MMA Junkie analyst Dan Tom breaks down the UFC’s top bouts. Today, we look at the main card for UFC on ESPN 42.
UFC on ESPN 42 takes place Saturday at Amway Center in Orlando, Fla. The card airs on ESPN and streams on ESPN+.
Last event’s results: 3-1
Overall picks for UFC main cards in 2022: 114-69-1
Welcome to MMAJunkie’s Quick Picks and Prognostications, where I’ll be giving brief, fight-day breakdowns for UFC main cards.
With that in mind, I hope these write-ups don’t come off as curt or dismissive, as my goal here is to offer quick picks and analysis in a digestible format. All odds listed are provided by Tipico Sportsbook.
If you’d like more detailed analysis from me, then feel free to check out my weekly show, The Protect Ya’ Neck Podcast.
So, without further ado…
Eryk Anders (+175) vs. Kyle Daukaus (-220)
With Joe Silva-style openers seemingly being a thing of the past (as the current crop of UFC matchmakers seems to relegate the majority of lighter-weight fights to the prelims), the main card on ESPN opens with a middleweight bout between [autotag]Eryk Anders[/autotag] and [autotag]Kyle Daukaus[/autotag].
Despite not disagreeing with who is favored here, I have a hard time being confident in Daukaus due to his quick turnaround from multiple facial fractures that he received this past June. That said, Anders has traditionally struggled against fellow southpaws (officially standing at 2-4) and will be at a grappling disadvantage on paper.
For that reason, I’ll tentatively take Daukaus to conservatively grapple his way to a decision win.
Jack Hermansson (-180) vs. Roman Dolidze (+155)
Serving as more main card filler is a middleweight matchup between [autotag]Jack Hermansson[/autotag] and [autotag]Roman Dolidze[/autotag].
Even though I hold a stated bias toward Xtreme Couture fighters that are cornered by the great Eric Nicksick, I have a hard time backing Dolidze in this spot. The Georgian is a wildman who knows how to capitalize inside of chaos, but I’m not sure how prepared he will be considering that he is stepping in on short notice.
I obviously wouldn’t mind being wrong, but I’ll take the more proven product in Hermansson to grind out a decision win on the scorecards.
Tai Tuivasa (+180) vs. Sergei Pavlovich (-230)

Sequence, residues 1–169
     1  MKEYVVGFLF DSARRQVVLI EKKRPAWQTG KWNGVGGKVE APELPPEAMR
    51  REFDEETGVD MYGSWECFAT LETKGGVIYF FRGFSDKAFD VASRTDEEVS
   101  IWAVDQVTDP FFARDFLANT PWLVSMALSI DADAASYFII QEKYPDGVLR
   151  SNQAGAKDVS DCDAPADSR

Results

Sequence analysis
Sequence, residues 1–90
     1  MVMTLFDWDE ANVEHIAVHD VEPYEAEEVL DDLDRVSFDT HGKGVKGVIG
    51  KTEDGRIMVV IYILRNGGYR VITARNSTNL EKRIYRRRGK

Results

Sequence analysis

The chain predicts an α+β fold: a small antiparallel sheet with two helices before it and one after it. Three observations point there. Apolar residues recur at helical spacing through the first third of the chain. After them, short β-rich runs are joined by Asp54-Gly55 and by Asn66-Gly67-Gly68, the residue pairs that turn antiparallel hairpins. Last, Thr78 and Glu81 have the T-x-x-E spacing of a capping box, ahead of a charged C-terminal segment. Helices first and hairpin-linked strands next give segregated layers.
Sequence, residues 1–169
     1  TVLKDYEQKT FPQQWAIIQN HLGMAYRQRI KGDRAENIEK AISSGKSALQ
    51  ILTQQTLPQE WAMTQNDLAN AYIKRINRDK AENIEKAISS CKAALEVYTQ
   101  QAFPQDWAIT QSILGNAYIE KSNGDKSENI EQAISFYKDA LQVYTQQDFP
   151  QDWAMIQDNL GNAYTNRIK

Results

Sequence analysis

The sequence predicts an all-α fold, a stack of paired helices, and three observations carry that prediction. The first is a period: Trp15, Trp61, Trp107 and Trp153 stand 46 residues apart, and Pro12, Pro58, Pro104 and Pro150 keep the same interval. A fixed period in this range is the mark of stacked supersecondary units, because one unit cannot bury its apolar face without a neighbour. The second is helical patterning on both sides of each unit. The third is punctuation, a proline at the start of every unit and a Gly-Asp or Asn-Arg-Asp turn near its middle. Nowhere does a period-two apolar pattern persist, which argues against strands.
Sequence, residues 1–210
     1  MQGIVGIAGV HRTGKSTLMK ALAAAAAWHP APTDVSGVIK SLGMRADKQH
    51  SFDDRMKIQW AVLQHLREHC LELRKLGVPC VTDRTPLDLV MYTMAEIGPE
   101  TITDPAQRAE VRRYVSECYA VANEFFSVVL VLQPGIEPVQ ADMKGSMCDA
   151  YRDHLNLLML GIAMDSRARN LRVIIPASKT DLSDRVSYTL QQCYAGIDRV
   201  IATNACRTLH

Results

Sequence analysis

Death, taxes, and the current crop of UFC matchmakers forcing heavyweight affairs onto Fight Night main cards.
That said, this bout between [autotag]Tai Tuivasa[/autotag] and [autotag]Sergei Pavlovich[/autotag] should be a banger for as long as it lasts.
Tuivasa has been good to me as an underdog (as I suspect that his leg kicks and clinch striking make him lively here), but I’m not sure where his motivation or mindset is when looking at everything from the risk to the reasonings for this matchup.
Even though my heart will be with “Bam Bam,” I’ll semi-reluctantly pick the human refrigerator that is Pavlovich to knock out Tuivasa in the first round.
Matheus Nicolau (-370) vs. Matt Schnell (+290)
I know I give Mick Maynard and Sean Shelby a lot of crap for UFC card structures in this column, but I have to commend them for rightfully putting this fantastic flyweight fight between [autotag]Matheus Nicolau[/autotag] and [autotag]Matt Schnell[/autotag] on the main card.
Schnell is a fun action fighter whose been delivering bangers since his days on the regional scene, while Nicolau is a Nova Uniao product that offers technical counters in almost every department.
Although grappling stanzas should be fun for as long as they last, the bulk of this contest will likely be decided in the boxing realm.
Schnell is the longer fighter who has a slight edge in experience with his Golden Gloves accolades, but I suspect that Nicolau’s left hook will prove to be problematic for the American. The pick is Nicolau to score a knockout by the end of the second frame.
Bryan Barberena (+425) vs. Rafael dos Anjos (-575)
In another southpaw versus southpaw offering, [autotag]Bryan Barberena[/autotag] welcomes [autotag]Rafael dos Anjos[/autotag] back to the welterweight division.
Despite typically having a good beat on Barberena as an underdog (picking him opposite Warlley Alves, Sage Northcutt and Robbie Lawler), I have a hard time justifying a shot on him here.
Barberena may have fewer miles on him than dos Anjos does, but the Brazilian warhorse has shown little signs of slowing – even at this stage of his career. And whether you’re citing dos Anjos’ experience against southpaws (currently standing at a competitive 5-4 as opposed to Barberena’s 1-2) or the fact that he’s 14-4 when able to secure a minimum of just one takedown, the stats seems to support his projected odds.
More importantly, dos Anjos has been a consistent bodyworker, which should serve him particularly well in this matchup when looking at past Barberena fights. Even though I love myself a classic Barberena upset, I’ll officially pick dos Anjos to force a stoppage off of a body shot in the second round.
Stephen Thompson (+150) vs. Kevin Holland (-175)
The main event on ESPN features an interesting welterweight matchup between [autotag]Stephen Thompson[/autotag] and [autotag]Kevin Holland[/autotag].
As stated in my in-depth breakdown, this fight has all the intangibles for some strange stanzas given each fighter’s tendency – albeit in different ways – to playfully look for counters.
Although I was tempted to lean into my Kenpo karate bias and take Thompson to style in this spot, I could not get around the fact that counter-right hands seem to be the common culprit in all of his knockdowns.
Holland may not have a dependable process, but I’ll reluctantly pick him to score an abrupt knockout between rounds two and three and will be happy if I’m wrong.
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